I second all the comments above: this would be neat to see, especially in an era when it’s getting easier and easier to peg dollar amounts to certain things.

    One effect of a system like this could be to reward teams with good farm systems, in two ways: 1) if you post a guy that came up through your system, you’re turning that guy into certain value rather than prospects (though this might be a wash if you think you can train the prospects up). The real benefit would be this: every team would have to pay x dollars for the negotiation rights. If you’ve got a good farm system, this allows you to let go of something that’s worth the same to everyone (cash) and hold on to something you’ve already added value to beyond average (prospects, given your plus-development).

    Does this make sense?

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    • Sumner says:

      But if the effect is to continue to limit the quality of the free agent pool – by posting and resigning for the best years of the best players’ careers – then the money you gain from posting a player is never reinvested in the best players in the league. This system would serve to preemptively redistribute most of the best players to the teams with the money to pay for them.

      The exception would be the already- and increasingly-rare team that can compete with a roster staffed mostly by team-controlled players and, probably, a few players that team was able to lock up before free agency (e.g., Evan Longoria).

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  11. Lakeside says:

    Would the release use the same cap, a different cap or no cap in this idea? A cap would really damper things and limit the talent pool release.

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  12. attgig says:

    And i disagree with your article. I don’t think they should be able to post players.

    This could potentially create huge messes between club owners and GM’s trying to run the business. Imagine Jeff Wilpon needing some cash after Madoff, wanting to auction off Wheeler, Harvey, and Syndergaard so that he doesn’t go bankrupt, while Sandy’s plans are just laid to waste. (they can always invest that money in different ways into the club so that they can borrow more money from their assets vs the value of some farmhands/cheap rookies).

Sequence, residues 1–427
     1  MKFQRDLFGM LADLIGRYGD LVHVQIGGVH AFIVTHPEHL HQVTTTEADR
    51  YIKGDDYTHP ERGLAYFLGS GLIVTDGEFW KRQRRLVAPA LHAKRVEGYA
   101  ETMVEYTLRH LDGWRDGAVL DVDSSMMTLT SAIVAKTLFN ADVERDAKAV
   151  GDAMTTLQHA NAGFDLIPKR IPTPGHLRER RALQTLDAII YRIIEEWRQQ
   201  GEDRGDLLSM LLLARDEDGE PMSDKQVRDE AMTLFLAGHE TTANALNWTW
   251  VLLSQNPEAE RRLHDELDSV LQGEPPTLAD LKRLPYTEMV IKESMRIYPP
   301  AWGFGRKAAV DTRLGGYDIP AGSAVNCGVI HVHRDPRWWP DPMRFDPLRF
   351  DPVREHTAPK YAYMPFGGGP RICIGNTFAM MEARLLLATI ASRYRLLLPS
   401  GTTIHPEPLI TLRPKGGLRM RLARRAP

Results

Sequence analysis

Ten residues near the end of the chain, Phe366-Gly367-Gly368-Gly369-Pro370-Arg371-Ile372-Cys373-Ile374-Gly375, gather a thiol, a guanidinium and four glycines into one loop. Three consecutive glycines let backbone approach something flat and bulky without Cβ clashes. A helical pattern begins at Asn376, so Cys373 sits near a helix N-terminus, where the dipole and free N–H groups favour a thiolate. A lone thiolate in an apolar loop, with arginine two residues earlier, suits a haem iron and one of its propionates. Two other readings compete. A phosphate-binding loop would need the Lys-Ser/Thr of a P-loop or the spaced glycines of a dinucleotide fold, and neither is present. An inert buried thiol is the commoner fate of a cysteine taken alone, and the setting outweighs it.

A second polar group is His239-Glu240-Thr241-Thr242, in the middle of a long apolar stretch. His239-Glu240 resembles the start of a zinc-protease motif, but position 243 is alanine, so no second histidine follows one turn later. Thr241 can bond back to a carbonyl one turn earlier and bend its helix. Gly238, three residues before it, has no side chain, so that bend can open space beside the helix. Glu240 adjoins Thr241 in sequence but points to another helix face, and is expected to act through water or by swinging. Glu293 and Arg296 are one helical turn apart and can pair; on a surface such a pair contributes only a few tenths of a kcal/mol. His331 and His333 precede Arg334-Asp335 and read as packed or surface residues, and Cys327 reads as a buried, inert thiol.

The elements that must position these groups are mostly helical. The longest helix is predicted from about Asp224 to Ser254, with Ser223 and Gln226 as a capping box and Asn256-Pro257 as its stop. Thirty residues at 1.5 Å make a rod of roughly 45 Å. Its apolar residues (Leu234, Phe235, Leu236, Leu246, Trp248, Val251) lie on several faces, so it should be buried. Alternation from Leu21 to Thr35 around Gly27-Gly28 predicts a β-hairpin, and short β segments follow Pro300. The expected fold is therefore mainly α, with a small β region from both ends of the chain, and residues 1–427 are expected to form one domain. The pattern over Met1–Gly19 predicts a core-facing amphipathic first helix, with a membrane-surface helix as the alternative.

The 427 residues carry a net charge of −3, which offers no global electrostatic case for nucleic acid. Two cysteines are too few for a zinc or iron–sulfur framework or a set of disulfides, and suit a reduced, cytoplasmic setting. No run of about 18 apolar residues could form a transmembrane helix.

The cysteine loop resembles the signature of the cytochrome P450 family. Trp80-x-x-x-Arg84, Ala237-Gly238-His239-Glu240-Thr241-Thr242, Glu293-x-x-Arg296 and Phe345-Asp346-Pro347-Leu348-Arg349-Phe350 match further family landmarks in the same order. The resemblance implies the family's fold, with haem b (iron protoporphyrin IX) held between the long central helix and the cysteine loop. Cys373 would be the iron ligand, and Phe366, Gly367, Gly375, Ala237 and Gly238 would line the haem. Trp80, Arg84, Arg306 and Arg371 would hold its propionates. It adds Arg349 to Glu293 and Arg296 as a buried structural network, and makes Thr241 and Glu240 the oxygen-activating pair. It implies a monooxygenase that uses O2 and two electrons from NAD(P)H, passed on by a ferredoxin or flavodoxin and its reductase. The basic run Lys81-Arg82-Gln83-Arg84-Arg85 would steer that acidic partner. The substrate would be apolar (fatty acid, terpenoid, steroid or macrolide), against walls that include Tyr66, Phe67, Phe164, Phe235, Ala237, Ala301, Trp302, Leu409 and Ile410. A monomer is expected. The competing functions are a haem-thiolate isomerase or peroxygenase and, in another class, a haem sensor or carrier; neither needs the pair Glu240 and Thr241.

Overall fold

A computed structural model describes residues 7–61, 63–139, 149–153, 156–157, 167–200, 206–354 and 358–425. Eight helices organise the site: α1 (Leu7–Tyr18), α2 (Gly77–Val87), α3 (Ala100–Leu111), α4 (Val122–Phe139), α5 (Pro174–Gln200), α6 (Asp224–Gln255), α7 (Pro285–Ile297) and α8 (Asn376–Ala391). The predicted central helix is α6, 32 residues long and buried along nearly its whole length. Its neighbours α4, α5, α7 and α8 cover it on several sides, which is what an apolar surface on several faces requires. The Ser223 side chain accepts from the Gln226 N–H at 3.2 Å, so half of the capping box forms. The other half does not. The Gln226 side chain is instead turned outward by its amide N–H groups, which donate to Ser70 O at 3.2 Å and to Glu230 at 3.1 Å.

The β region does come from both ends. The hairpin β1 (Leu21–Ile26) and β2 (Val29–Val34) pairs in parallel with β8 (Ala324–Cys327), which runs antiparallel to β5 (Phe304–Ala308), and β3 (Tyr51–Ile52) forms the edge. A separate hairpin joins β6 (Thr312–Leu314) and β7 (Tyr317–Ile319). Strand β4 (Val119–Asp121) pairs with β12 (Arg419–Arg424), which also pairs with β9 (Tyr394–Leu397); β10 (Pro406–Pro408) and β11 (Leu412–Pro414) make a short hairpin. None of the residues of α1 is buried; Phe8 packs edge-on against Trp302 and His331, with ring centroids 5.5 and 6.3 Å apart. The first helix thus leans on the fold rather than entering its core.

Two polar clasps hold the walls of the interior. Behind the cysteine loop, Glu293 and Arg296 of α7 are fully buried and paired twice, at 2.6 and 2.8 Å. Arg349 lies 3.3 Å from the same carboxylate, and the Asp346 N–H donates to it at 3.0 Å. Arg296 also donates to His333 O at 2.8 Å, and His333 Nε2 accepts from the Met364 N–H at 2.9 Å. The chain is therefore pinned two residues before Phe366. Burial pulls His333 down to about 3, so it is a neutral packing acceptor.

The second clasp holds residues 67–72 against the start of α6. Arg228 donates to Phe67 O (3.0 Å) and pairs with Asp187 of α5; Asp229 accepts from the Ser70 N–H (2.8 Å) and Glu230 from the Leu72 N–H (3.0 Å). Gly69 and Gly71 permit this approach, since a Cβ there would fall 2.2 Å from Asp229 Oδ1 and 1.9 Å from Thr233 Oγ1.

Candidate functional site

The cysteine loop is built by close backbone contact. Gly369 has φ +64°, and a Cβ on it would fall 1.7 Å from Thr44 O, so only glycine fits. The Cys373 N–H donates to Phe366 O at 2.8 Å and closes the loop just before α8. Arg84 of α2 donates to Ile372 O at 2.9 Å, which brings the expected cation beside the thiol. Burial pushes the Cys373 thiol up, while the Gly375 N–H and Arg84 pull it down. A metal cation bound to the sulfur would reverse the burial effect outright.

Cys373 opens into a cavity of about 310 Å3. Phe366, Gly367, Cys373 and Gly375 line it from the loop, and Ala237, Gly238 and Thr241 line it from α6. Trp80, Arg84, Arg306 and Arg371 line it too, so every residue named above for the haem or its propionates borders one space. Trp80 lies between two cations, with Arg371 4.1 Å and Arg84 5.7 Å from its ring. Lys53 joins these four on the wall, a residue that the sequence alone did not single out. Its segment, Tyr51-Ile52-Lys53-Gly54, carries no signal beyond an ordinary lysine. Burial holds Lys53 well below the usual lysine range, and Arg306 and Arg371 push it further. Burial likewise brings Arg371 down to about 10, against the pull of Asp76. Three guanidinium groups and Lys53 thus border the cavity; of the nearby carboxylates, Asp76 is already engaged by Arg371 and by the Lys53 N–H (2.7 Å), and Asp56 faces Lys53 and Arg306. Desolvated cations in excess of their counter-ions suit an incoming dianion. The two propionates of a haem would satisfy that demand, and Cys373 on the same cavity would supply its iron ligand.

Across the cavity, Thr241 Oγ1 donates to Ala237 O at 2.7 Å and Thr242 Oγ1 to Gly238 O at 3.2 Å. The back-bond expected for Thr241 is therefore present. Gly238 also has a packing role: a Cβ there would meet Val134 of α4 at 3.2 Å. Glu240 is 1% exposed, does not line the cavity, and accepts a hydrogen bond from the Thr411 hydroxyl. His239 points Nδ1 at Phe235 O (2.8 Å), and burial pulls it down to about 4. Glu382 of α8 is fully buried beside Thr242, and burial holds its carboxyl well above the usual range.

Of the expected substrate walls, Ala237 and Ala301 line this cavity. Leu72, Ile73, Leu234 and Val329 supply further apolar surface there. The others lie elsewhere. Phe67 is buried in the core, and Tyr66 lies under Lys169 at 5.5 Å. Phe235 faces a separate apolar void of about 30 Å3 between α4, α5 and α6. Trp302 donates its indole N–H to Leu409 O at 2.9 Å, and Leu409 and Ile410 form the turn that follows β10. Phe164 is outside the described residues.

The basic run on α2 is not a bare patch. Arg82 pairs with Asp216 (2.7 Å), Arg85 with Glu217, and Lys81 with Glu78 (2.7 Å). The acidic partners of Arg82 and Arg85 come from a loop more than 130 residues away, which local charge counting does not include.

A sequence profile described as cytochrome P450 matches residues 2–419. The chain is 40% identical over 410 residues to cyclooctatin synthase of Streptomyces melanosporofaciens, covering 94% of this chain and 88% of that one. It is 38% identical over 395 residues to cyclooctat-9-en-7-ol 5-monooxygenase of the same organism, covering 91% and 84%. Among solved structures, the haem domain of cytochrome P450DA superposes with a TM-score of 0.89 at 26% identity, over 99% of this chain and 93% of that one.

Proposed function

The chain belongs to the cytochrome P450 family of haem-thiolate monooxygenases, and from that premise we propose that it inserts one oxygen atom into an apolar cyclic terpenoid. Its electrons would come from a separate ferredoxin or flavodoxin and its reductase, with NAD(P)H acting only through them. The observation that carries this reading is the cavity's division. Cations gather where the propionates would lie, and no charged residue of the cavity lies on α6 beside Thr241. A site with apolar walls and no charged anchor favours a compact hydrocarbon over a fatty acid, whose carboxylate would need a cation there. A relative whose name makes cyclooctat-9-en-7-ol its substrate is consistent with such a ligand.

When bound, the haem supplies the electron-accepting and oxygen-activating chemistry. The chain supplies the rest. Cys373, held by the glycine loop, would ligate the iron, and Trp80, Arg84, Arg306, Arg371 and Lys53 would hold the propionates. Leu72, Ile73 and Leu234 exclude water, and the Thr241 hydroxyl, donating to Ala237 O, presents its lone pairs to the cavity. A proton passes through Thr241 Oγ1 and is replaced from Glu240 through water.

I don’t want a “real GM’s of MLB” reality show, which is exactly where this would lead to.

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    • James says:

      There could obviously be checks in place to prevent this from happening. As much as we hate Selig it wouldn’t be hard for him to see how a situation like that would perhaps alienate a large fan base and should be avoided.

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    • Pirates Hurdles says:

      Yeah, this system would only be equitable if there were some guarantee that the money obtained had to be spent on the MLB roster which would never happen. Of course you don’t need any complex systems if MLB went full revenue sharing like the NFL. The 1 league, 30 franchises is a much better financial model than 30 individual businesses when it comes to balance.

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      • joser says:

        NFL can do that because there’s a national television market. Outside of the postseason, sometimes, there really is no national baseball market (as Fox has come to realize with their game of the week, no matter how hard they try to make Yankees-Red Sox be a national event). I’d love to see baseball’s territorial model extinguished (along with blackouts) but all those RSN contracts remain, and they’re hardly the same across the country, creating 30 barriers to a national system.

        Really, the MLBPA needs to hold out and demand more of “transfer” money be spent on payrolls. All the luxury tax income should be, for example, as well as the revenue sharing. And this hypothetical domestic posting fee could be as well. The MLBPA is the only group with both the motivation to see this happen and at least a modicum of the teeth necessary to get it done. No longer could an owner be able to put a roster on the field that earns less than the revenue sharing while pocketing the difference. The Jeffery Lorias of the world would hate it, but it would be good for baseball.

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        • RC says:

          The biggest advantage that NFL has at the moment over baseball is not the national market (although its probably a part of it), it’s having a salary floor.

          The NFL’s insistence that everyone atleast pretend to be trying to be competitive gives the whole thing more credibility.

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  13. James says:

    I wonder if this would also pave the way for a salary floor. Despite the crudity of it, it would provide the necessary incentive to not just pocket all the money (though perhaps a percentage system would be needed so clubs can’t just operate on bare minimum).

    It would also probably be the end of pick compensation which would make the players very happy.